Anyone who has ever taken a dog on a walk knows that they love to sniff. Even when there's nothing we can see, they can sense the presence of something with their super sniffers. It's built into their DNA on a very fundamental level. Seriously—there's evidence to suggest that dogs' sense of scent is so impressive, it's almost like a second sight.
Does Anything Stink To A Dog?
But, not everything dogs choose to sniff is, well, something we as humans would ever choose to sniff. And, since dogs' sense of smell is about 100,000 times better than ours, it seems like they should be about 100,000 times more repelled by stinky smells than we are. But they aren't, as anyone who has ever watched in disgust as their dog sniffed a pile of another animal's feces or a dead bird can attest to.
Why are dogs drawn to bed smells?
Far from being repelled, dogs actually seem attracted to gross smells. But why? One theory is that they have a biological imperative to cover their own scent. In the wild, dogs (and their wolf ancestors) have to hunt for food—but they also have to worry about being hunted. Not only does sniffing everything around help them find food, but covering their scent with less-appealing scents (like those of dead animals) might also serve as a line of protection against predators. Even though your dog lives the life of luxury with you, those instincts are still alive inside of him.
Another reason is that your dogs is learning when he sniffs poop. A pile of foreign feces is like an encyclopedia to a dog. Smelling it allows him to take in and process a ton of information.
"For the dog, feces are a source of a huge amount of information. They tell dogs about the individual who deposited the feces, their dominance status, relatedness, sex and so on," — Peter Hepper, head of the school of psychology at Queen’s University in Belfast.
What's more, feces is a way of marking territory for a dog, so smelling feces is a way for your dog to figure out whose turf he's on.
"One key function for wild canines is delineation of territory," Hepper told Gizmodo. "Dogs defecate around territory boundaries and key paths to mark ownership with feces."
Our definition of "bad" might be the problem.
Another popular explanation among experts is that we're framing this question wrong. By assuming that humans are right about what smells bad or that what smells bad to us is universally repulsive, we're ignoring the role our own evolution has played in the equation.
"Humans perceive ‘bad’ odors through either some inbuilt evolutionary acquired mechanism to prevent harm, e.g. repulsion by feces to prevent disease, or through learning," Hepper explained.
Alexandra Horowitz, author Inside of a Dog and Being a Dog, pushes that theory even further, explaining that even though some smells repel humans for biological reasons, others we are socialized to dislike.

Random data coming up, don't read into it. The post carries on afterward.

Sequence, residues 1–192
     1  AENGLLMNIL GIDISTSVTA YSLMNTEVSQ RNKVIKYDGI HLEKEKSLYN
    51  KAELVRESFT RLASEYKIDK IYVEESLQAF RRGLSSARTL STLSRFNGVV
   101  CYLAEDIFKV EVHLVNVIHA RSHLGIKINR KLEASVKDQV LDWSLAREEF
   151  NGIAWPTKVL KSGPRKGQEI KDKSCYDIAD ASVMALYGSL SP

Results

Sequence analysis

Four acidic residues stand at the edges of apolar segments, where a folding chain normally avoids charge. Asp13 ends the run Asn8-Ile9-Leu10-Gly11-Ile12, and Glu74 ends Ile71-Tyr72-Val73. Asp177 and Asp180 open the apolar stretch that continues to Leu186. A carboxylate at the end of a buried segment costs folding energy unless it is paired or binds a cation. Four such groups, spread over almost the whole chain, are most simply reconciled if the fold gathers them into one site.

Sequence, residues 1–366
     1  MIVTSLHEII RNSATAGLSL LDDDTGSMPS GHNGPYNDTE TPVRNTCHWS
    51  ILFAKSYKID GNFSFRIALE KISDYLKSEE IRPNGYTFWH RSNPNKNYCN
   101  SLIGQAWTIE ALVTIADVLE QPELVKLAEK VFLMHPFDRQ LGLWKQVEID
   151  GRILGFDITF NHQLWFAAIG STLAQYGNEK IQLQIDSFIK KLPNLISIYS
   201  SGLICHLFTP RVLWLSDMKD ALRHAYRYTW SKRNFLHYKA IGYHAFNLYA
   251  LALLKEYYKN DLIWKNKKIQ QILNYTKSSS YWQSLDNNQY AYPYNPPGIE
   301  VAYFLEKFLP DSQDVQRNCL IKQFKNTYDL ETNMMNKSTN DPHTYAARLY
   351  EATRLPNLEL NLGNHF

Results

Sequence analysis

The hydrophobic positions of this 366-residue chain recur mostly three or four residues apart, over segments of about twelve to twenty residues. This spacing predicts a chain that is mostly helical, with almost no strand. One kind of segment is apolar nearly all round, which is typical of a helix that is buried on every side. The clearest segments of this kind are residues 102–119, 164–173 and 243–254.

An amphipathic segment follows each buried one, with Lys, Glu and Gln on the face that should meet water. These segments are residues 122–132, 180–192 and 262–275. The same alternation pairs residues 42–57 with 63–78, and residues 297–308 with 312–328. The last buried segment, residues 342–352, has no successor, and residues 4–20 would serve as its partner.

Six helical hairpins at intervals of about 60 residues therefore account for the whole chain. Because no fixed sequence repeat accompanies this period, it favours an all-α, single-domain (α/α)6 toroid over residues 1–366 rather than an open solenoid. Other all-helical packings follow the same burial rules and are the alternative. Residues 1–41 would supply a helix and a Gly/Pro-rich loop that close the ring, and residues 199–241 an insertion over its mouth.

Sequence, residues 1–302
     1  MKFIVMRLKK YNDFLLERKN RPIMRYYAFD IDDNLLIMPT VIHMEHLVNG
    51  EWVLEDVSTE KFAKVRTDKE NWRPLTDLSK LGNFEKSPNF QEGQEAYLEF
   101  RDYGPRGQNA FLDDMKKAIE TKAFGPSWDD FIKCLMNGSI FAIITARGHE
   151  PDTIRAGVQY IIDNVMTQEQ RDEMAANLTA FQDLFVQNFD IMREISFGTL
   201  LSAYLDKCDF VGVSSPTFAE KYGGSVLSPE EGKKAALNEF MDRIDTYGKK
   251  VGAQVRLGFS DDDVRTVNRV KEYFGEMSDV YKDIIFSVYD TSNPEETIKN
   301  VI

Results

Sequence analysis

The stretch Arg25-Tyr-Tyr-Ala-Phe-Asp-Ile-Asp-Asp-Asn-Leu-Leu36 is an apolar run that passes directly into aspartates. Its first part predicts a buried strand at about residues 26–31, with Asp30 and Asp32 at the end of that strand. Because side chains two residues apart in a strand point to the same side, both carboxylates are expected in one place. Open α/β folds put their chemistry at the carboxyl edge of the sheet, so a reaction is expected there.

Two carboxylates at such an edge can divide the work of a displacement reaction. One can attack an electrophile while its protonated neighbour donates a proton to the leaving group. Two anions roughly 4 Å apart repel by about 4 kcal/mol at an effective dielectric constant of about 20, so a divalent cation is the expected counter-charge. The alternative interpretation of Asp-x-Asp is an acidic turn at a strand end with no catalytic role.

"So-called 'bad' and 'good' smells are products of our culture. As young children we are ambivalent toward smells like poo and stinky feet: we have to be taught that these are 'bad,'" she explained. "Dogs, by contrast, are in but not of our culture. They do not inherit our value system (unless we explicitly train them in its rules) and so are left with their own canine tendencies....For dogs, there seem not to be good nor bad (with a few exceptions) smells; smells are just the way the world looks. Smells are just information."
How does a dog's nose work?
Another very important piece of the why-dogs-love-gross-smells puzzle is found in the biology of how their noses work.
According to Donald Wilson, author of Learning to Smell: Olfactory Perception from Neurobiology to Behavior, many animals have a second olfactory system that's specifically designed to tackle heavy odors.
"Dogs have a structure called the vomeronasal organ, and that works not by just inhaling, but it's actually sort of like a little pump," he explained to Gizmodo. "It's in the nose, or sometimes it's in the roof of a mouth. They can bury their noses into another dog's butt, or into urine, or poop, [and with] their vomeronasal can really suck up these heavy molecules and extract more info out of it than we can."
According to PBS, dogs possess up to 300 million olfactory receptors in their noses (comparatively, humans have about six million) and the part of their brains devoted to analyzing scents is 40 times bigger than in humans, proportionally speaking. In other words: They are built to sniff.
It's not just dogs' brains and ability to process odors that are different from us. Their noses also work in a fundamentally different way. When humans inhale through our noses, we smell and breathe through the same airways — dogs don't. A piece of tissue in dogs' noses separates smelling from breathing.
"We found that when airflow enters the nose it splits into two different flow paths, one for olfaction and one for respiration," Brent Craven, a bioengineer at Pennsylvania State University explained.
How to stop your dog from sniffing gross things
Because this behavior is biologically hardwired into dogs, it's hard to stop all together. However, training your dog on the "leave it" command and mastering that will allow you to curtail the behavior and stop it when you see it happening.